Most of you know my love for Piggie and Gerald books – or just Mo Willems in general. Sadly, Mo Willems ended his Piggie and Gerald series a few years ago, but the characters will show up in other children’s books to introduce and end the book.
Although these books are not written by Mo Willems, they have the same silly nature that Willem’s books typically have. Which of course, also makes them excellent for reading to encourage AAC use.
Joey and I are in the midst of reading The Cookie Fiasco, a nerve-wracking tale of four friends who are asked to share three cookies. (As a preschooler, can you imagine anything more horrible?) The book takes us through the character’s extreme emotions and attempts at problem solving until the cookies accidentally break into 12 pieces, leaving each character with 3 pieces.
While for older students, this book is perfect for teaching concepts of fractions, equality, and what makes a “fair share,” the book also gives us lots of opportunities to practice core words.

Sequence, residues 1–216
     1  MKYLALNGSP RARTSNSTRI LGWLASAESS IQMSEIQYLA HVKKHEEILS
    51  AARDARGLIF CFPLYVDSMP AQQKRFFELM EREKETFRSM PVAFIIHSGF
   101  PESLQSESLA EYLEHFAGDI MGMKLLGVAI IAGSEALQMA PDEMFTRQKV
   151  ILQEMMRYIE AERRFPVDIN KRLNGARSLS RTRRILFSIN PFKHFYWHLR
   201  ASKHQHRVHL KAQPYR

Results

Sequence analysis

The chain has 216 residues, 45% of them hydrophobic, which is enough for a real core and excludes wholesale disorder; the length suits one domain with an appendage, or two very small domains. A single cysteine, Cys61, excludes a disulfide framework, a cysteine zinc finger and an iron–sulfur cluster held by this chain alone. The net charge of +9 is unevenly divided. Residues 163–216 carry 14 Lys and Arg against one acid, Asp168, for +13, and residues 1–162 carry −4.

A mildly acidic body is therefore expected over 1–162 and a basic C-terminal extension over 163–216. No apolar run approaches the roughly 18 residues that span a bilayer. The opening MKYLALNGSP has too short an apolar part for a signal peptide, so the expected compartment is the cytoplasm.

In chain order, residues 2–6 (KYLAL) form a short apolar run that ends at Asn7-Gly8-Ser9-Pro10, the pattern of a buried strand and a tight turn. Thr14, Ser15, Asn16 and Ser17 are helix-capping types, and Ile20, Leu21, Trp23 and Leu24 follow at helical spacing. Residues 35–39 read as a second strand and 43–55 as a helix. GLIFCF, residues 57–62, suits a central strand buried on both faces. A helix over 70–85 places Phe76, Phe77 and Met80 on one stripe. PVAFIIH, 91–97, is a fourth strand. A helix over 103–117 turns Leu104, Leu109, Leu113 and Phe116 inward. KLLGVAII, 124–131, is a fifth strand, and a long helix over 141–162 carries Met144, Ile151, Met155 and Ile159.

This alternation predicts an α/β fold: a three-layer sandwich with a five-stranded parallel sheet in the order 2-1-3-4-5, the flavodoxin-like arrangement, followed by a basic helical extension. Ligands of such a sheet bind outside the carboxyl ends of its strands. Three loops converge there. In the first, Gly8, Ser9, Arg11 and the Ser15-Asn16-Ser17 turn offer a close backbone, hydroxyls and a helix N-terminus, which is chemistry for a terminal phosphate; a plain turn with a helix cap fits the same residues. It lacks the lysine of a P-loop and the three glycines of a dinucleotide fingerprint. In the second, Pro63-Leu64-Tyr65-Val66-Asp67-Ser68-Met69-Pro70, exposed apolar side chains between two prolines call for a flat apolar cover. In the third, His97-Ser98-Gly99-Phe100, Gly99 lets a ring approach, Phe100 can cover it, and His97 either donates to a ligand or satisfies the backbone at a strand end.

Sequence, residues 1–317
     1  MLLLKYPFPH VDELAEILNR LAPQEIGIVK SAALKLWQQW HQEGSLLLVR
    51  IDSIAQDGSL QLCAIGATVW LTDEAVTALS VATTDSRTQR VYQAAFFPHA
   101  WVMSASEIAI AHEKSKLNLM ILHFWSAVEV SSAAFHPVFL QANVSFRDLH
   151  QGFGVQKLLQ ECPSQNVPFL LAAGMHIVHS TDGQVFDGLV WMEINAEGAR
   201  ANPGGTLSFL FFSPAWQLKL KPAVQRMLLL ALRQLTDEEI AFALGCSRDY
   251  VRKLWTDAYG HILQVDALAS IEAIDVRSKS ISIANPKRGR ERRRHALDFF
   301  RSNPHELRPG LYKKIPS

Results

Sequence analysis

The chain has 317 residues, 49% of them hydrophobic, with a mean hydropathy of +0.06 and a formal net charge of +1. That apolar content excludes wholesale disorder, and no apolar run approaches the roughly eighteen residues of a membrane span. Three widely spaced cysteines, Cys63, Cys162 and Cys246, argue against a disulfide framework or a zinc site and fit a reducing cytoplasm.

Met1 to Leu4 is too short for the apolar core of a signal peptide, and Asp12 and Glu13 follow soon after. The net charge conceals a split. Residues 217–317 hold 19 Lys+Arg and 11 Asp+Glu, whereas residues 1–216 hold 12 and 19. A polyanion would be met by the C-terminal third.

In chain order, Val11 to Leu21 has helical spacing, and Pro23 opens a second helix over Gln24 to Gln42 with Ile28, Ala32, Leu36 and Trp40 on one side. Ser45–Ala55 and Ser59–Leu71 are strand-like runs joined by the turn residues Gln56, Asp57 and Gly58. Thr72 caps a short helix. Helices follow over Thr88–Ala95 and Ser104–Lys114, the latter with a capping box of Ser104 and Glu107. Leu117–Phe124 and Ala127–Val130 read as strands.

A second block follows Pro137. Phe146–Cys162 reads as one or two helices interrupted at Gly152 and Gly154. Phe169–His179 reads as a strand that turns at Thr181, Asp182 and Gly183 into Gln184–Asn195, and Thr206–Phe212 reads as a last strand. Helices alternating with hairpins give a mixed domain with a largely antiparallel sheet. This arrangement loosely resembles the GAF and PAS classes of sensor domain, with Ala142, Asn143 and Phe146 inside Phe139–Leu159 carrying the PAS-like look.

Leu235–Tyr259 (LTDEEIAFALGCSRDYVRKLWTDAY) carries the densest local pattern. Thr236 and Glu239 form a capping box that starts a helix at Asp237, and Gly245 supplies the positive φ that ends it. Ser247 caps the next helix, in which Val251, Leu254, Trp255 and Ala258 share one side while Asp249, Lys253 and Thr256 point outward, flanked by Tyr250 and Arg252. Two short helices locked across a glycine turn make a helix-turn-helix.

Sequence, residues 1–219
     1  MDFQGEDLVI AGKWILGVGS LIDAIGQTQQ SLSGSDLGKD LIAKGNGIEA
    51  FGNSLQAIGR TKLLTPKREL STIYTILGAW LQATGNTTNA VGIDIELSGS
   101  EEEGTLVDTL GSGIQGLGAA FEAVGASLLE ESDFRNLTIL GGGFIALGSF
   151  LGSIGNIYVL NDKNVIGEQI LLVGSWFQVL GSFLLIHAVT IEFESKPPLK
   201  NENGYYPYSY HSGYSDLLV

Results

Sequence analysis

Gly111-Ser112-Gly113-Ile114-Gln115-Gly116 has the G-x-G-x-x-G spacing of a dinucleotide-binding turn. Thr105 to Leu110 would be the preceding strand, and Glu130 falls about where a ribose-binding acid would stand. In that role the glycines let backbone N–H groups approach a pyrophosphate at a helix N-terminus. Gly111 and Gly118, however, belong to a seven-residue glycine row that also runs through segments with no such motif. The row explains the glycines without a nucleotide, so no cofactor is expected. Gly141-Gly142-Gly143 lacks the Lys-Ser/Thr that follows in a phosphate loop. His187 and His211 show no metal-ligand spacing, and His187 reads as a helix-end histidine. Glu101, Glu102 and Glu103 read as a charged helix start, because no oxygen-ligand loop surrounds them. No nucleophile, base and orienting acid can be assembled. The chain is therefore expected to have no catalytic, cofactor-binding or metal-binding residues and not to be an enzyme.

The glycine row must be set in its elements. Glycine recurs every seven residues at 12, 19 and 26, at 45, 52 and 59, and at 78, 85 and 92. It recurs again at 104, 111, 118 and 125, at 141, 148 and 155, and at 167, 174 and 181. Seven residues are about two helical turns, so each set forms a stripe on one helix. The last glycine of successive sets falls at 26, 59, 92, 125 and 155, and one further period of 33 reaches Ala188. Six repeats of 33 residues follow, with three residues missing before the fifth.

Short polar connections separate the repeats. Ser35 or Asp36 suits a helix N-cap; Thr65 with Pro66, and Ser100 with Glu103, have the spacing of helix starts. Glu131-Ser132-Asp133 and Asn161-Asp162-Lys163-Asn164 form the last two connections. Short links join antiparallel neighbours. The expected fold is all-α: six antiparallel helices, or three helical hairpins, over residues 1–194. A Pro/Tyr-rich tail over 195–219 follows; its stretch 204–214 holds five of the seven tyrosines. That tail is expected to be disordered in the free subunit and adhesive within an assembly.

Joey is able to practice his social words with me as we react in horror to the problem of the cookies – “Oh no!” “Uh oh!” “Bad!” we can say as we chat about the problem. We can label the character’s emotions, and talk about how the “Hippopotamus wants a cookie.” We can label what’s happening to the cookies – they are broken. Although Joey’s not quite ready for the fair share fraction lesson the book introduces, it does give us a good opportunity to explore the concept of same and equal – and matching amounts of objects. Joey and I are also working on his ability to count small groups of objects independently, and this book lets us do that as we move through the story.
And even better – we can practice using the words on the determiner page – a lot, some, all, none. These words can feel vague in isolation, yet they hold a significant amount of power when someone is trying to communicate their wants and needs. This book lets us practice using them in a silly way, as we label that each character wants all the cookies, and wants the other characters to get none, but in the end they get some.
Joey has enjoyed talking about the characters and being equally shocked and appalled at their behavior, and I’ve enjoyed modeling vocabulary and encouraging him to use his words.